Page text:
Having cast an eye over the Web, I found exhilarating that I am not alone in my relentless advocacy of the language skills of non-native translators. According to the prevailing opinion within the translating circles, translators ought to only ever translate into their mother tongue; proof-readers only take on their native language. As a result of my foreign nationality, my pursuits to become an English editor have always been shy. Sadly, sheer exuberance and genuine love for language does not stand a chance against the rigid rules of harsh reality of the professional world. Snide of my qualifications, experience or enthusiasm, and defining my competency, native speakers reign supreme, end of. Despite the fact that most of my adult personal and occupational experience came to be expressed in English language. Over the years spent in my step-motherland, however, I have come across some cherries on the cake…
The difference between their (possession), they're (= they are) and there (position) is really not that hard. Nor is have – and not of – in would've/could've/should've. It appears as if the idea of homophones is particularly mind-boggling to the average English soul: then usually acts as a time connective, whilst than is normally used to compare nouns. The many spelling rules of thumb have – as a rule – more exceptions than ratifications: i before e unless after c… Not all words ending with an s call for an apostrophe. Advice is a noun; advise is a verb. The l in adverbial suffix —ly is only doubled when the root adjective ends with an l: final and finally but unfortunate and unfortunately. Double negatives are also a no-go.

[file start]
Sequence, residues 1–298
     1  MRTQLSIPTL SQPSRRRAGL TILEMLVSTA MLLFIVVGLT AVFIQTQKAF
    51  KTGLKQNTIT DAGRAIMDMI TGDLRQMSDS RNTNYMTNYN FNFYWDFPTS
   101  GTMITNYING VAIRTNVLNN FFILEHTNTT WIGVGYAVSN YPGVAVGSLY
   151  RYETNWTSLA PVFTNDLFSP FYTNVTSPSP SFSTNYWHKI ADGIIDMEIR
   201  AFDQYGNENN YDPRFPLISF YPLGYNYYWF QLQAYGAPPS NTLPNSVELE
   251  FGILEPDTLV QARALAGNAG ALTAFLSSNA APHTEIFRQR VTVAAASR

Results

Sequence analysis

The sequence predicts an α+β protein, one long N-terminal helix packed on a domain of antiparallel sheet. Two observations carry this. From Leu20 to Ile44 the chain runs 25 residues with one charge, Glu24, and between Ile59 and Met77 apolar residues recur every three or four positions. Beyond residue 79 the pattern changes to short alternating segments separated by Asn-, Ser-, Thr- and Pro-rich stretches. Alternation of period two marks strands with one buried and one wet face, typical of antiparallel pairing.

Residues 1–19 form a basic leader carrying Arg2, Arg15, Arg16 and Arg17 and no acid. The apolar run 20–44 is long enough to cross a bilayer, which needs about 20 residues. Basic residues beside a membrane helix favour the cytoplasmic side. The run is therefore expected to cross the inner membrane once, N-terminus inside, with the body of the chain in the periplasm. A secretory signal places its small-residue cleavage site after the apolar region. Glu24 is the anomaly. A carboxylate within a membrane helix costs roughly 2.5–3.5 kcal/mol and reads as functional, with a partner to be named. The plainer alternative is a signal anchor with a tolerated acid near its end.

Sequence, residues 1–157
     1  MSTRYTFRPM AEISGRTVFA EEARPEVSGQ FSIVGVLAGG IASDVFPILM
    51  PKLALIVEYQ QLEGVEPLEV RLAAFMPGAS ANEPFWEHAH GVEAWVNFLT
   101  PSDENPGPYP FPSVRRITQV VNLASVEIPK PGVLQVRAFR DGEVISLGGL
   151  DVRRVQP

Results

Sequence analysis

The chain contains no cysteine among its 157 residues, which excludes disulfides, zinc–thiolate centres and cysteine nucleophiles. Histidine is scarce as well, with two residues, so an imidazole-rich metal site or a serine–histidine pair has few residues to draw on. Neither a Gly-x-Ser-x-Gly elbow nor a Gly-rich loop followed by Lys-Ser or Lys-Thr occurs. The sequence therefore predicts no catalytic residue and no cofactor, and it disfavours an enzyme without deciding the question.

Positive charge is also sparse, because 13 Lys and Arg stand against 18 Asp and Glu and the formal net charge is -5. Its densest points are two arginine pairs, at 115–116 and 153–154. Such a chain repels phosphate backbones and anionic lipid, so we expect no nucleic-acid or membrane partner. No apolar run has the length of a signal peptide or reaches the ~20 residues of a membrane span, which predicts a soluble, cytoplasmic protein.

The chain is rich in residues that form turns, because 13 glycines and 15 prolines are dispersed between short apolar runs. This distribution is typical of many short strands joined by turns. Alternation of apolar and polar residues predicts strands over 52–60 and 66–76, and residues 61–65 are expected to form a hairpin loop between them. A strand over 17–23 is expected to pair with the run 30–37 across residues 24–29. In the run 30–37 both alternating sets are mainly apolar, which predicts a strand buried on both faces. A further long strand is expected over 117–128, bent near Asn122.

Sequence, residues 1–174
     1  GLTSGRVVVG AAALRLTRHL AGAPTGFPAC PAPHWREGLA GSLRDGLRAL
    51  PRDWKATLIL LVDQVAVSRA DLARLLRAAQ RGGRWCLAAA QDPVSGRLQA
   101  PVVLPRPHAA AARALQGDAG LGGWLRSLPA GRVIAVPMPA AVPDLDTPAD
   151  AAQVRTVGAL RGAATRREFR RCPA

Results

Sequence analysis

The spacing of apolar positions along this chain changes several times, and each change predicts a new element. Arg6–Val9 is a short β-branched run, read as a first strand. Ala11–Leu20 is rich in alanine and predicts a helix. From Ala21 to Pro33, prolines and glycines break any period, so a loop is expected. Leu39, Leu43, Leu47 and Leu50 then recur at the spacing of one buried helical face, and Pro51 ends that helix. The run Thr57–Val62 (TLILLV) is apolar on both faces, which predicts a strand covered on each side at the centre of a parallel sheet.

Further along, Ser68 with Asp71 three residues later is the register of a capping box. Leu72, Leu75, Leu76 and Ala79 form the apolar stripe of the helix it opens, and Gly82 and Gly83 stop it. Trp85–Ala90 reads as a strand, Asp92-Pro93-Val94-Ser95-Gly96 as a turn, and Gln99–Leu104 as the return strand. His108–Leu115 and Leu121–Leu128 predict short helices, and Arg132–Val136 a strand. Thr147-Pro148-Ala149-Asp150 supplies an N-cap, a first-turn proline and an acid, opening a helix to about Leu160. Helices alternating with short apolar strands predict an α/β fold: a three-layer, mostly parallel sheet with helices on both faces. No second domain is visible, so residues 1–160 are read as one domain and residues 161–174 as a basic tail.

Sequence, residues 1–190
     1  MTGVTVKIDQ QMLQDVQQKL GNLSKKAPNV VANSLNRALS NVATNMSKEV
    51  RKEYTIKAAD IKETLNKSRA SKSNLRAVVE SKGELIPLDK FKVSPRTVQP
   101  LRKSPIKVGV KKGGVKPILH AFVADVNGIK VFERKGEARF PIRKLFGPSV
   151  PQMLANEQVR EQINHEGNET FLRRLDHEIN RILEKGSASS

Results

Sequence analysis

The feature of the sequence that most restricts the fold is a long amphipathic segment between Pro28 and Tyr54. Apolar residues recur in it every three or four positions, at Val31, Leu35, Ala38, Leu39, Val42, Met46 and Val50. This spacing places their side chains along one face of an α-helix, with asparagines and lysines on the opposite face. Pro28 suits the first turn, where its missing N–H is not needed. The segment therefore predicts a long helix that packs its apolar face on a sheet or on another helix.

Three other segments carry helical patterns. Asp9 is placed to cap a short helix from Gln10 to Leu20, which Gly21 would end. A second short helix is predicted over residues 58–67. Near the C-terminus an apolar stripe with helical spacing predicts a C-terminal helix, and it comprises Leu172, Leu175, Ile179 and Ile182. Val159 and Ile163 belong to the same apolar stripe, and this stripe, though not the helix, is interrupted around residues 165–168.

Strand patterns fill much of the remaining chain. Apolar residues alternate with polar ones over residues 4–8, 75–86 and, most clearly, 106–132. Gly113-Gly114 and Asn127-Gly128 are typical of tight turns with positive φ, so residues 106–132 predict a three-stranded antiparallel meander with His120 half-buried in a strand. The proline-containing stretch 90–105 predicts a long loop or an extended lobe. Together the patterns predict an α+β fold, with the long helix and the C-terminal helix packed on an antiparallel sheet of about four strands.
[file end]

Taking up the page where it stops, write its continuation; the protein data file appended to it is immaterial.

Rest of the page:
The willy-nilly style of punctuating coordinating and subordinating clauses can bring me to my knees and, even though the concept of three present tenses is alien to me within my native language, the subtle difference between present simple, present progressive and present perfect is not beyond my comprehension. My English is by no means perfect, with perpetual discoveries of the elusive nuances of vocabulary and idioms, but I know what a past participle is, do you?
By Ania Obarska at www.geminitranslationservices.co.uk
Product of Poland, Ania arrived in England nine years ago with her love for English language, Hip Hop, photography and philosophy. Outside the working hours of Gemini, you can spot her enjoying life at gigs, vegan restaurants or the cinema. She will appreciate your company if you throw a "kerfuffle", "shenanigans" or "haberdashery" here and there in the conversation – these are some of her favourite words.
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